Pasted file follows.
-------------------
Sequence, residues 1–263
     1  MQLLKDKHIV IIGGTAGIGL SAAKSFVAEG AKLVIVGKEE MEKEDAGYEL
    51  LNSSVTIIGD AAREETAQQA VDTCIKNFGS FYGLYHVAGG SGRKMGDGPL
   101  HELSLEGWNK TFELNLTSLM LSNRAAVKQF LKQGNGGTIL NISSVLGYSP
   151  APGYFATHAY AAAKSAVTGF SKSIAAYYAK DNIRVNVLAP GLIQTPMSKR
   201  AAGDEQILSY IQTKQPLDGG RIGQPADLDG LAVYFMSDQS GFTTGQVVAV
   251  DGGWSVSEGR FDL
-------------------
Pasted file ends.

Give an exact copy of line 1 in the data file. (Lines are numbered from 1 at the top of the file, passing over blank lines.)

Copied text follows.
Sequence, residues 1–263